29 new species of bryophytes found in the Khandadhar hills
BHUBANESWAR: A team of plant scientists which mapped Khandadhar hill forests in Keonjhar has claimed to have spotted 29 new species of bryophytes in the region. These bryophytes, land plants without any flower or seed which reproduce by way of spores, have been reported for the first time in Orissa.
The research team came across the bryophytes in the undisturbed zone of the Khandadhar hills. The famous hills are spread across Sundargarh and Keonjhar.
While mining activity has begun in Sundagarh side, the region under Bansapal block of Keonjhar continues to remain untouched.
This region is where the 29 bryophytes have been reported.
"The finding has also been endorsed by bryoplogist Dr Dinesh Saxena of the Bareily College," said a member of the research team led by plant biologist PK Dash.
A team comprising plant biologists and researchers from Vasundhara surveyed the hills recently and felt that absence of human interference seems to be a factor the new species have been reported.
Preservation of the bryophytes habitat is necessary since these species are considered very good bio-indicators.
The bryophytes grow on the soil, rocks, tree trunks, branches, leaves, buildings, old monuments and in wetlands. The metals emitted from solid fuel combustion, vehicular emission and industrial processes are monitored from bryophytes basing on their unique and specific responses.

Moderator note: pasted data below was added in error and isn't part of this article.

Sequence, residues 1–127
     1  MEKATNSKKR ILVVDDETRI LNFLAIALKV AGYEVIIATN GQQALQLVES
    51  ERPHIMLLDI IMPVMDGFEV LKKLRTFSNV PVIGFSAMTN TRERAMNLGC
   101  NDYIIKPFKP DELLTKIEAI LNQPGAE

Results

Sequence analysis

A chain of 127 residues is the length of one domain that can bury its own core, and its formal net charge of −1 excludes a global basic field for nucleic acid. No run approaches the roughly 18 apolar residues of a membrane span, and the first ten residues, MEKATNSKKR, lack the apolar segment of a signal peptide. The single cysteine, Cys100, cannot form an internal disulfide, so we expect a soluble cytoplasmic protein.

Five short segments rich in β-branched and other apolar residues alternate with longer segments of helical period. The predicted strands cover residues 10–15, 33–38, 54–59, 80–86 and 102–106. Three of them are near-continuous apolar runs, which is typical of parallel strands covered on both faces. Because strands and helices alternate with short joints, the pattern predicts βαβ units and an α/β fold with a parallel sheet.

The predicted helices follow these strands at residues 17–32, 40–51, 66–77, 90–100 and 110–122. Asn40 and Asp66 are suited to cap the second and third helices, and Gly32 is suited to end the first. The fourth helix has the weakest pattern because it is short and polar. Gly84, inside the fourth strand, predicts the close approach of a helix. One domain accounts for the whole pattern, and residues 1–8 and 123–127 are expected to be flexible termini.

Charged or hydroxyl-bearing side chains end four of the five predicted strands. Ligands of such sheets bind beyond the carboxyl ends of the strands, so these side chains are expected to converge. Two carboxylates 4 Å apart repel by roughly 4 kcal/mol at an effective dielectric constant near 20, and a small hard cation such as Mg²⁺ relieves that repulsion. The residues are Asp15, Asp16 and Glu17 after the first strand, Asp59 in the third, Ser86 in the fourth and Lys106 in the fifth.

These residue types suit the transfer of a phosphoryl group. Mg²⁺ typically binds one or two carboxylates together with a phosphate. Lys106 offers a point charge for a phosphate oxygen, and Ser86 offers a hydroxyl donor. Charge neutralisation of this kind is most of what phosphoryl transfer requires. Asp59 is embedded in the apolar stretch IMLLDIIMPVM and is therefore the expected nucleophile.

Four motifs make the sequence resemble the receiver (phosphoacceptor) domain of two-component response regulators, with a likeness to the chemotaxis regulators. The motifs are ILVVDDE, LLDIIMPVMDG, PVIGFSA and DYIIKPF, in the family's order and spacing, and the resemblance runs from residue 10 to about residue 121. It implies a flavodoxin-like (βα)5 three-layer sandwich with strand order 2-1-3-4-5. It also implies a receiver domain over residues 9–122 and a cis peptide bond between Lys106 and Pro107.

Some of the bryophyte species are extremely sensitive to the pollutants and exhibit visible injury symptoms even in the presence of very minute quantities of pollutants. Others have a capacity to absorb as well as retain pollutants in concentrations much higher than those absorbed and retained by the higher plants growing in the same habitat. The ability to accumulate metals work in their favour as bio-monitoring agents.
Since they lack a transportation mechanism, minerals absorbed by bryophytes are preserved within the cell without loss during storage. This potential is used to determine changes in atmospheric quality by analysis of bryophytes.
Besides, monitoring of heavy metals through bryophytes is cost-effective as well as efficient to assess the qualitative and quantitative differences in metal concentrations at distinct locations.
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